Fernández shakes up cabinet in a bid for coalition unity

Fernández shakes up cabinet in a bid for coalition unity

Event - On August 17th the president, Alberto Fernández, reshuffled his cabinet in an attempt to heal internal divisions within the ruling Frente de Todos (FdT) Peronist coalition. Although the moderate wing of the FdT— represented by Mr Fernández—retains key economic portfolios, the influence of the leftist, populist faction— led by the vice-president, Cristina Fernández de Kirchner—over policy is growing.

The biggest change in the executive branch was the appointment of the governor of Tucumán, Juan Manzur, to replace Santiago Cafiero as the cabinet chief. Although Mr Manzur was nominated for the position by Ms Fernández, he is far from being a devout adherent of "Kirchnerism" and has previously been embroiled in public rows with the vice-president. Mr Manzur's appointment appears to have been driven by electoral considerations ahead of the November mid-term elections. We believe that the FdT is looking to re-engage with socially conservative, fiscally liberal voters; these voters have traditionally represented a significant bloc of the eclectic Peronist base, but have recently been side-lined by the party apparatus. Mr Manzur's history as a pro-life advocate and his ties to local Peronist movements could prove assets in this regard.

Other cabinet changes also reflect an uneasy truce between the two main factions of the FdT. Changes to the leadership at five ministries (including agriculture, education and security) all went in favour of the Kirchnerists. However, the president did retain Mr Cafiero, a close ally, in the cabinet by appointing him foreign affairs minister. Most importantly, the main ministries responsible for crafting economic policy were left untouched, with Martín Guzmán and Matías Kulfas retaining their portfolios of economy and productive development respectively.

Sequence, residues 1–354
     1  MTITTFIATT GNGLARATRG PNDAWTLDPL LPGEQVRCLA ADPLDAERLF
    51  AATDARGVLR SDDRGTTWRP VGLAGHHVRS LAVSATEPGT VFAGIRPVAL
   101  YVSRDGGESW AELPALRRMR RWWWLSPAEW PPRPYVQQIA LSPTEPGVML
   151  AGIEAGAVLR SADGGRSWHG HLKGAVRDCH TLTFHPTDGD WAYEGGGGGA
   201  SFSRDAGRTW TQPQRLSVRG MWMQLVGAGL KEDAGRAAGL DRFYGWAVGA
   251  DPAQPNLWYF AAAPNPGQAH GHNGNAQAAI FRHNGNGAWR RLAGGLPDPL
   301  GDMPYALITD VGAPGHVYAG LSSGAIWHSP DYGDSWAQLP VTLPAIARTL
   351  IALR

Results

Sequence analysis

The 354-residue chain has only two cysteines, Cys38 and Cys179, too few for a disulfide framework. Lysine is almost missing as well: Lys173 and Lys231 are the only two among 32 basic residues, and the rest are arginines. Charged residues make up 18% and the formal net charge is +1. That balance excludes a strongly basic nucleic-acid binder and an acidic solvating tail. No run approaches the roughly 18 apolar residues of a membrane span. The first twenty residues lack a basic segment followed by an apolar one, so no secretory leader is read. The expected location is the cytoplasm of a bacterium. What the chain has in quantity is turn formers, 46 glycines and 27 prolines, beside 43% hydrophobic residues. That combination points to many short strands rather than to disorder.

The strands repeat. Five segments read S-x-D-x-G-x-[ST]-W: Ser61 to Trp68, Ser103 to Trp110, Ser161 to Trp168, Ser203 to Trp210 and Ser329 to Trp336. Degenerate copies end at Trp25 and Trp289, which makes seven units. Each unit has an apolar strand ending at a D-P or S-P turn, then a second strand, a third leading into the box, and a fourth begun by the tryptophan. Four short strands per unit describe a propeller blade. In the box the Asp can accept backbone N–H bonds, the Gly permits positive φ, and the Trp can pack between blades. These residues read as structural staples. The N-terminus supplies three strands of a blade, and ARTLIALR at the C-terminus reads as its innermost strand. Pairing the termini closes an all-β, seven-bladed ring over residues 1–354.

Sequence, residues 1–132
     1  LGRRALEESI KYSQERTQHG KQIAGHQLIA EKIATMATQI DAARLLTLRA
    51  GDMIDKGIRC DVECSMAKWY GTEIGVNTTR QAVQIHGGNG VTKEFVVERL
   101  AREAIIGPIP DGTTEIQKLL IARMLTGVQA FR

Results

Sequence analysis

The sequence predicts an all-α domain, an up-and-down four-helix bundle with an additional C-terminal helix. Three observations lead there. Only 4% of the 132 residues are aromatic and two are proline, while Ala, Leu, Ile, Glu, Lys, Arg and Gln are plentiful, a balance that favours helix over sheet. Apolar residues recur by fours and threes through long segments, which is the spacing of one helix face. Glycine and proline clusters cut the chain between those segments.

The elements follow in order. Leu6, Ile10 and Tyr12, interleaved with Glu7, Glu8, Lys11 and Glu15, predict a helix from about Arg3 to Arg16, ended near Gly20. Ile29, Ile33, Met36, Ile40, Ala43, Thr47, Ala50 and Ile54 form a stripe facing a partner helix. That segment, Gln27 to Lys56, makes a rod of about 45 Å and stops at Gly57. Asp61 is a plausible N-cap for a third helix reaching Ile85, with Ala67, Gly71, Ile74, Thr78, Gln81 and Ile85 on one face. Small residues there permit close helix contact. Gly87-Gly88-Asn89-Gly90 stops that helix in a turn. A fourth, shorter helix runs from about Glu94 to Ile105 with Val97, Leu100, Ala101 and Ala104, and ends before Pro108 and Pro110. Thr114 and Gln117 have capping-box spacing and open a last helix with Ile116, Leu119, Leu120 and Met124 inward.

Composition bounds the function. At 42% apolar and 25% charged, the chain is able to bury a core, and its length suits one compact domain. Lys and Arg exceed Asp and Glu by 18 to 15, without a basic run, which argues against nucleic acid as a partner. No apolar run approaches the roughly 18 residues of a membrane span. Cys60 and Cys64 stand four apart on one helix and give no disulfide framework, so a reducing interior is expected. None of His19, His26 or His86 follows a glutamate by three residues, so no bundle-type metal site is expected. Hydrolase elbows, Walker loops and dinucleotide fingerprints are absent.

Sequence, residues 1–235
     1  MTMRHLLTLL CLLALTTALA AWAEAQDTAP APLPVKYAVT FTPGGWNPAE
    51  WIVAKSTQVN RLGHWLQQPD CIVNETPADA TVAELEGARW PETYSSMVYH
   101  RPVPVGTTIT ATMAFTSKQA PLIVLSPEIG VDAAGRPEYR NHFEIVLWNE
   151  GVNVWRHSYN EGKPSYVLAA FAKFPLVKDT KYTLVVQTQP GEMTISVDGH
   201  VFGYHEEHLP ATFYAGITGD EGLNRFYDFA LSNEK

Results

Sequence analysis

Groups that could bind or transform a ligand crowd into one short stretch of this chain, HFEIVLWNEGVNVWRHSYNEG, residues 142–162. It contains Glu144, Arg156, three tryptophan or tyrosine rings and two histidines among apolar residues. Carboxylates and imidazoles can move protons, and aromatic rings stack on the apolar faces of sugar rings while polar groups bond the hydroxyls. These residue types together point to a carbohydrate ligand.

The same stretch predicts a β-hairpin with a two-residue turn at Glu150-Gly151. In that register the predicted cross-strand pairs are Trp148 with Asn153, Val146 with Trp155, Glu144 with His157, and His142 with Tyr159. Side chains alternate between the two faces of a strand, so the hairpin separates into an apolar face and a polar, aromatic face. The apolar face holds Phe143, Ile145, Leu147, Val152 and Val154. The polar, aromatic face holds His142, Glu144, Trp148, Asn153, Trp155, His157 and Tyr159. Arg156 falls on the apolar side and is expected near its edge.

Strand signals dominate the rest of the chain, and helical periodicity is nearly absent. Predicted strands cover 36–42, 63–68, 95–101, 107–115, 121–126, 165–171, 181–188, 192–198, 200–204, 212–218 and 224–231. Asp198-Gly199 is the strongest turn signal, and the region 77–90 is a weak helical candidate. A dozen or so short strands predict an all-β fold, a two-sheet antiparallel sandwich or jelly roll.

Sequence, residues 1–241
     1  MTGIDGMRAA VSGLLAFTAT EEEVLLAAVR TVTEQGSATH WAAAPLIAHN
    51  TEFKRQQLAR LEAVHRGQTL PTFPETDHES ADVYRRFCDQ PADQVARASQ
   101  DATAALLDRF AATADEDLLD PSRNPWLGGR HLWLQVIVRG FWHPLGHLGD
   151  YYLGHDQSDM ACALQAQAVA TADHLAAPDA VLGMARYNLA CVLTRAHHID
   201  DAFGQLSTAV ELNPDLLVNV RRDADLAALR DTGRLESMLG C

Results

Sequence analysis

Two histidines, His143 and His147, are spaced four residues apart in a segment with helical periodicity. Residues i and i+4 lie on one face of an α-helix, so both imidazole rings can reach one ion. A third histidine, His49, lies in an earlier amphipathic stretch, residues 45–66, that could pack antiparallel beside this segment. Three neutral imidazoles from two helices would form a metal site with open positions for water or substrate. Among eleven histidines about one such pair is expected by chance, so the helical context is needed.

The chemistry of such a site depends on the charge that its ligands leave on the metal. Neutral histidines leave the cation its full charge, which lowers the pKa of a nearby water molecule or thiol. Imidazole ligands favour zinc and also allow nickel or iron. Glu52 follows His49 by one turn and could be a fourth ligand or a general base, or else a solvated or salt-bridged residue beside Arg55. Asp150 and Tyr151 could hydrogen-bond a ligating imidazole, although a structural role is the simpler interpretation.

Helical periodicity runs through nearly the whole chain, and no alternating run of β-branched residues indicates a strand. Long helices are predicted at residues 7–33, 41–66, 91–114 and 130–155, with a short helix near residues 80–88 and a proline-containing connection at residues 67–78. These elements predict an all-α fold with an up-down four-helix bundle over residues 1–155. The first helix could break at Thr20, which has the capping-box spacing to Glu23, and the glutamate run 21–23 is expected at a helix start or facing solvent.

That the moderates remain in charge of economic policy bodes well for economic stability. Nevertheless, the influence of leftist populists over policy has grown since the FdT's resounding defeat at the September 12th primary elections. Although there has been no official announcement, the government is reportedly contemplating an array of spending measures—from expanded retirement benefits to direct cash transfers—to boost its popularity. We had already accounted for strongly back-loaded public spending in our forecasts, but the balance of risks is tilted towards even more expansionary fiscal policy.

Impact on the forecast
The cabinet reshuffle has, by itself, not drastically altered the balance of power within the government. We assume that the pivot to more populist policy will be short-lived, but risks to the fiscal outlook and to our forecast for a new IMF deal are growing.

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